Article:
MREN: What does this mean for the commercial real estate companies that work with healthcare providers?
Field: We have to search for a different kind of property for our healthcare clients, a new model. The clinic wants to go to a one-story, often freestanding building in a retail location. They want great parking. They want great signage.
MREN: Is it difficult to find these locations?
Field: No, not really. But you do have to spend some time searching. Every market is different in that regard. In our local market in Kansas City, we have already seen this trend toward retail medicine occur. It has been occurring for close to five years. Our market is healthier today. Our retail centers are healthier. That is good, but it does make it more of a challenge to find the right location for medical providers. The downturn in the economy offered lots of opportunities for medical clinic locations. Now, there isn’t as much. Are there a lot of vacancies that are suitable for medical providers today? There aren’t as many as there were when we had a softer market. But you can still find them.
MREN: When you talk about retail medicine, it makes me think of all the clinics that are now located inside drug stores like CVS/pharmacy and Walgreens. How does this trend impact the way commercial real estate companies work with healthcare providers?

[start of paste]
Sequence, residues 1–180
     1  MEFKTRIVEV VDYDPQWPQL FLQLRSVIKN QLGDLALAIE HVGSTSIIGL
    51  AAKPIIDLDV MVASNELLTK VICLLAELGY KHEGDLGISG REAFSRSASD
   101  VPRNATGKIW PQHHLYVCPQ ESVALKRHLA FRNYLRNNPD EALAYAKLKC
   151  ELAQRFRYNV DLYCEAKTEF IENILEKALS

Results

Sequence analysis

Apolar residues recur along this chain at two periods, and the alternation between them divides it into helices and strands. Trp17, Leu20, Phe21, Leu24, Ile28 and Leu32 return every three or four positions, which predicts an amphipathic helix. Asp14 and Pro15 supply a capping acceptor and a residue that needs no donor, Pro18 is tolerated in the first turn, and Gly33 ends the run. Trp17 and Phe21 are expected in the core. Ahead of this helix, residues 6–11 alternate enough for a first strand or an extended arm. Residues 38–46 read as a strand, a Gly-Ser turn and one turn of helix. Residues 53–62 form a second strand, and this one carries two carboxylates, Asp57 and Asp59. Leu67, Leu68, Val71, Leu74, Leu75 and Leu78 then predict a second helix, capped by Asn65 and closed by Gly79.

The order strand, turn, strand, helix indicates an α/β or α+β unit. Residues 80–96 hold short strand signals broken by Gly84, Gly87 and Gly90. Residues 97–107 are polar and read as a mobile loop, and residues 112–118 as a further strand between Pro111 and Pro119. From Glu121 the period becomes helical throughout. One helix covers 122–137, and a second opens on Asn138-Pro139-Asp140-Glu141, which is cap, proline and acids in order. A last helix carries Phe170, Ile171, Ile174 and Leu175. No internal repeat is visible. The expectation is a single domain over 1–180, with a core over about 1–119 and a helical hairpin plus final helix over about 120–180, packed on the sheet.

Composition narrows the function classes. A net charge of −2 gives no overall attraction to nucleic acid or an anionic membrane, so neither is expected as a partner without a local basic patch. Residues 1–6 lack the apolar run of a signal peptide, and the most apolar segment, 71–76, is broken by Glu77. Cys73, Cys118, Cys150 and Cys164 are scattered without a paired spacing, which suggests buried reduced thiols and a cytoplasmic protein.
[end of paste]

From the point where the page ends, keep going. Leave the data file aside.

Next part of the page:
Field: Just like banks infiltrated all the box stores, you are now seeing doctors and pharmacists inside all the big retailers. Because the healthcare system that you as a broker might represent now has different avenues to provide care – they don’t have to rely just on a pure office-space environment today – that does diminish the demand for the services we provide in a certain way. I can’t measure it. But still, hospitals and medical providers do need our services. When there these clients do have a real estate requirement, the requirement is often more retail in nature. Doctors and clinics always want good access and nice buildings for patients. I am doing deals now with medical practices that aren’t in medical office buildings but instead want good access in a nice office building because the parking is so much better equipped to handle their needs. That being said, we haven’t erased the old model. It still exists. We are still doing searches for typical medical office space for practices that need to expand or relocate. But the search has become more of a retail search. Medical providers are interested in what the demographics are, what the traffic counts in neighborhoods are. They want to know what kind of sign they can get.
MREN: You obviously work in a competitive field. How do you make sure that your clients keep coming back to you?
Field: You must offer your client a knowledge of what kind of space is conducive to retrofitting for medical if it hasn’t yet been medical. You have to understand air-quality issues, plumbing and structural issues. You have to understand access for patients and parking. You need to know what all those aspects are that go to defining a quality functional space for a medical tenant.